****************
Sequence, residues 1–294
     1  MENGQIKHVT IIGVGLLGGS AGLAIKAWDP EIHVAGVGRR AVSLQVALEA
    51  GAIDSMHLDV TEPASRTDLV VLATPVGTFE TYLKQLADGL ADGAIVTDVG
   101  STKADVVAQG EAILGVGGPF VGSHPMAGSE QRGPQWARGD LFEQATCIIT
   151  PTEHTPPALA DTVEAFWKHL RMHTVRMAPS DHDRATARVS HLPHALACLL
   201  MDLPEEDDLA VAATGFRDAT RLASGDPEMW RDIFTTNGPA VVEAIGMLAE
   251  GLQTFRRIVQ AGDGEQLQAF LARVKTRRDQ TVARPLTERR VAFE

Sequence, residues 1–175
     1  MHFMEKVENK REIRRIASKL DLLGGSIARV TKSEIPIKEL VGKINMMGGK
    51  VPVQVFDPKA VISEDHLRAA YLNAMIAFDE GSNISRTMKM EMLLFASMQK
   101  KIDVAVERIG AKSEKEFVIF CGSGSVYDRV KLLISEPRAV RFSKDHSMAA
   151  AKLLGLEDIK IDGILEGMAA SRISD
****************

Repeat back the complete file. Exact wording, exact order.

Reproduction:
Sequence, residues 1–294
     1  MENGQIKHVT IIGVGLLGGS AGLAIKAWDP EIHVAGVGRR AVSLQVALEA
    51  GAIDSMHLDV TEPASRTDLV VLATPVGTFE TYLKQLADGL ADGAIVTDVG
   101  STKADVVAQG EAILGVGGPF VGSHPMAGSE QRGPQWARGD LFEQATCIIT
   151  PTEHTPPALA DTVEAFWKHL RMHTVRMAPS DHDRATARVS HLPHALACLL
   201  MDLPEEDDLA VAATGFRDAT RLASGDPEMW RDIFTTNGPA VVEAIGMLAE
   251  GLQTFRRIVQ AGDGEQLQAF LARVKTRRDQ TVARPLTERR VAFE

Sequence, residues 1–175
     1  MHFMEKVENK REIRRIASKL DLLGGSIARV TKSEIPIKEL VGKINMMGGK
    51  VPVQVFDPKA VISEDHLRAA YLNAMIAFDE GSNISRTMKM EMLLFASMQK
   101  KIDVAVERIG AKSEKEFVIF CGSGSVYDRV KLLISEPRAV RFSKDHSMAA
   151  AKLLGLEDIK IDGILEGMAA SRISD